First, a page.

jewish Funeral Guide

Jewish Mourning - the first Year

Twelve Months of Mourning

The mourners enter this stage on the thirtieth day from the burial. The restrictions of mourning are further relaxed for those who mourn their parents and completely removed for all other mourners. This stage lasts until the end of twelve months from the day of burial and is called Yud Bet Chodesh / י"ב חודש — literally twelve months.

Excessive mourning. Jewish tradition does not approve of excessive mourning, because one who mourns too much appears to question the Divine justice. The Talmud in Tractate Moed Katan 27b warns that whoever grieves excessively will end up grieving for someone else. This doesn't mean not being sad about the passing of a loved one. It means that the mourning practices of Shivah / שבעה and Sheloshim / שלושים should not be extended beyond those periods of time. “Three days are for weeping, seven days for lamenting, thirty days for refraining from laundering and haircutting” (Talmud, Moed Katan 27b). One should not mourn more than this, except for a parent.

Honoring parents. It is not that the natural feeling of grief is stronger after the demise of a parent and therefore requires a longer mourning period. On the contrary, the death of a parent after a full life, especially when preceded by a long illness, is perceived as natural and expected, while the death of a spouse or a child is always a tragedy. The reason for extension of the mourning period beyond the thirty days after the loss of a parent is to fulfill the scriptural commandment of “Honor your father and your mother / כבד את אביך ואת אמך” (Exodus 20:11). As was mentioned earlier, the soul of the deceased might be sentenced to receive punishment in Gehinnom / גיהנום — the inferno of Hell, for up to 12 months after death. By observing the Laws of Mourning and reciting Kaddish / קדיש the children bring merit to their parents and ease their judgment.

Duration of mourning. The twelve-month period concludes the mourning for parents just as the thirty-day period concludes the mourning for the other closest relatives. However, the above-mentioned principle in Jewish Law: “Miktzat HaYom KeKulo / מקצת היום ככולו — a fraction of a day is considered as a complete day” does not apply to the Yud Bet Chodesh observance. Therefore, all prohibitions of this stage of mourning remain in full force throughout the last day as well. The twelve-month period is counted from the day of burial according to the Jewish calendar. During a Jewish leap year, when an additional Jewish month of Adar II / אדר ב is added, the mourning is still observed for only twelve months and not for the whole year, because this would bring the total number of months to thirteen.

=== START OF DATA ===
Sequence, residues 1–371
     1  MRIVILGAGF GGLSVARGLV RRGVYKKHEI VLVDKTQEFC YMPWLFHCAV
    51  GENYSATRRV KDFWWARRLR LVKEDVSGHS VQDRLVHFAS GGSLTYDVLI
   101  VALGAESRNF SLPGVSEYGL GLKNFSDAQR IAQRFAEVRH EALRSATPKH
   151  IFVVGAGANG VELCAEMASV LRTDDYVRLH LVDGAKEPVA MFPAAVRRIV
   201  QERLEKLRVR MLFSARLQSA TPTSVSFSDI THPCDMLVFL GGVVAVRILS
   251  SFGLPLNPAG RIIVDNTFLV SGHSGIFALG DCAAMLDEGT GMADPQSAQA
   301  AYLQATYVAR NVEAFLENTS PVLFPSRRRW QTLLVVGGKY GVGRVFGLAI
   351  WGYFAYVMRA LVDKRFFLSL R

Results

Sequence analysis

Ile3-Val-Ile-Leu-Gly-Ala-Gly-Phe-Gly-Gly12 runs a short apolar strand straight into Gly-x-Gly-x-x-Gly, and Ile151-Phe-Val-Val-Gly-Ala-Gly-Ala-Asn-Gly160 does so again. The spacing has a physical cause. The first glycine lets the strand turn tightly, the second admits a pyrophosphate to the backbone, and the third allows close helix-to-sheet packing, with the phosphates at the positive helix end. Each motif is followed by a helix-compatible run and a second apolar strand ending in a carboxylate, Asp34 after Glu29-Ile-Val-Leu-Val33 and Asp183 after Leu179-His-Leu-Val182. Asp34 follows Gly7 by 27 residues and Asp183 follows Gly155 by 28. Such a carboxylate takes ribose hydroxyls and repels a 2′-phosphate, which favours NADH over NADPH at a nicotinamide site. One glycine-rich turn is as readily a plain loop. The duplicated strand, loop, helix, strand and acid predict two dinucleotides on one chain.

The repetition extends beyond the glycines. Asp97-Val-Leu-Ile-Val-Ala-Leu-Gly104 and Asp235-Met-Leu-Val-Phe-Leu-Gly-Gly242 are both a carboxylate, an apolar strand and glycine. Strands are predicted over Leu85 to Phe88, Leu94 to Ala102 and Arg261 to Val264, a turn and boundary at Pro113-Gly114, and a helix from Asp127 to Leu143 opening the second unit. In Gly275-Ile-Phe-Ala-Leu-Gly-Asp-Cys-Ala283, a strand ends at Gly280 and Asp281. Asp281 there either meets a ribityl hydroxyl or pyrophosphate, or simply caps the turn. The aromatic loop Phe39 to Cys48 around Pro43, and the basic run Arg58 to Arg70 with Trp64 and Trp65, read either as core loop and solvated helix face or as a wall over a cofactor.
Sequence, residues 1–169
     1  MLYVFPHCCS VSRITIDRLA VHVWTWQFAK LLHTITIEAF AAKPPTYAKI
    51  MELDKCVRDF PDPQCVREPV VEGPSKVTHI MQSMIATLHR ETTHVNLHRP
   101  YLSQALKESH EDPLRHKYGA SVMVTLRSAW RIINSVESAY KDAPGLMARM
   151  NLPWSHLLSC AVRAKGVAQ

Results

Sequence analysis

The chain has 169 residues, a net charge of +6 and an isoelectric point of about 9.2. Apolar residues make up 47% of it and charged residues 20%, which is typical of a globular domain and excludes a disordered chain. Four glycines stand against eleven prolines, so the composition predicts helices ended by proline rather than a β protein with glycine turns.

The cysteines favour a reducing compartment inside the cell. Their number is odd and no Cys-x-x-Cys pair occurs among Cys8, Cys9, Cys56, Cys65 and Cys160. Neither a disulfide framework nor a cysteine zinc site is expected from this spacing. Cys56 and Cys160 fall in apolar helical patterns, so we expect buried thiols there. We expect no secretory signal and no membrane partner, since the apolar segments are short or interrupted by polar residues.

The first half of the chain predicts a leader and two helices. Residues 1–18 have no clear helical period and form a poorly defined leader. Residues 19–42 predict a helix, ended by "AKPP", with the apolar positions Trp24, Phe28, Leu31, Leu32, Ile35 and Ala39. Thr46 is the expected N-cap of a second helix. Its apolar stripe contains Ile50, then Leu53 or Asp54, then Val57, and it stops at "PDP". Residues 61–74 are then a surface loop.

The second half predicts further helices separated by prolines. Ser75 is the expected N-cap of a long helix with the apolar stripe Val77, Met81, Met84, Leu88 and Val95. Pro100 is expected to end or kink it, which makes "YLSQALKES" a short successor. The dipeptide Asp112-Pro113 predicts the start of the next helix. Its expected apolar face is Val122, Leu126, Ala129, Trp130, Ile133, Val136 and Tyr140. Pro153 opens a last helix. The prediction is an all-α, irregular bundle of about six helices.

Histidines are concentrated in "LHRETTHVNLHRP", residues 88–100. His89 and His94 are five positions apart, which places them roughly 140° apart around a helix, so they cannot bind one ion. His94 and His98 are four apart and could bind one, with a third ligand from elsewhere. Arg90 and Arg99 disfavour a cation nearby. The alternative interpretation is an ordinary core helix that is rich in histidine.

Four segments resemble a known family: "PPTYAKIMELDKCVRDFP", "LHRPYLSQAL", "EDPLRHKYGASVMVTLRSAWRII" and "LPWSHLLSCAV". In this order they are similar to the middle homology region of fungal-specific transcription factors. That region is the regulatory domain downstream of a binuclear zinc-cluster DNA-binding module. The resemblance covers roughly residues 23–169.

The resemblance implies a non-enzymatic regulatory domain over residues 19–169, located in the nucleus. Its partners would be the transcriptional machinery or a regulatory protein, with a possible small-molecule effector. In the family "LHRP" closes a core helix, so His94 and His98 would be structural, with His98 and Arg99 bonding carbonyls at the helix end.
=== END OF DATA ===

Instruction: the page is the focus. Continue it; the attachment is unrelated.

Mourning restrictions. The custom is that the mourner does not shave or get a haircut unless his friends and colleagues reprimand him for his unkempt appearance. One does not have to wait until his friends and colleagues actually reprimand him. It is usually assumed that after three months from the last haircut the length of his hair is beyond the accepted norm and the mourner may get a haircut. After the first haircut the mourner may get a haircut as often as he wants, although some have a custom to wait another three months. Those who shave should expect to be reprimanded after thirty days and may start shaving thereafter. The fingernails and toenails may be trimmed in a usual manner immediately after Sheloshim.

The mourners may, however, bathe and shower for pleasure, wear jewelry and use lotions, cosmetics and perfumes. The mourners may wear freshly laundered and/or ironed clothes. Yet, the prohibition against wearing new clothes remains in full force and a mourner should not wear them unless it is extremely necessary and somebody else wears them first for a few days. The prohibition of changing into new garments during the twelve months of mourning does not apply to underwear, whose purpose is to absorb perspiration. The mourners are allowed to buy new utensils and furniture and paint the house.

The mourners may not listen to music or go on pleasure trips. A mourner may not attend parties or send gifts, except for the two Purim / פורים Gifts — Mishloach Manot / משלוח מנות, which is the minimum requirement on Purim. It is permissible, however, for professional musicians, photographers, caterers, etc., to attend festive events as part of their work duties.

Mourning customs. Throughout the entire twelve-month period, the mourners continue to learn the Mishnah / משנה in memory of the deceased. We already discussed the details of this custom. It is also customary in many communities that a mourner should not sit in his regular place in the synagogue during this twelve-month period. On the Sabbath, though, he may return to his original place.

There is a custom to add the words “Hareini Kaparat Mishkavo (Mishkavah) / הריני כפרת משכבו ‏(‏משכבה‏)‏ — I am an atonement for his (her) resting place” when mentioning the name of the deceased parent (Talmud, Tractate Kiddushin 31a). In writing, the Hebrew acronym הכ"מ is used for this purpose. It is customary to give extra charity during the twelve months of mourning. It is also customary to contribute prayer books, Books of Torah and Prophets, Talmuds and Codes of Jewish Law, Torah scrolls and Torah ornaments, etc., for synagogue or school use in memory of the deceased.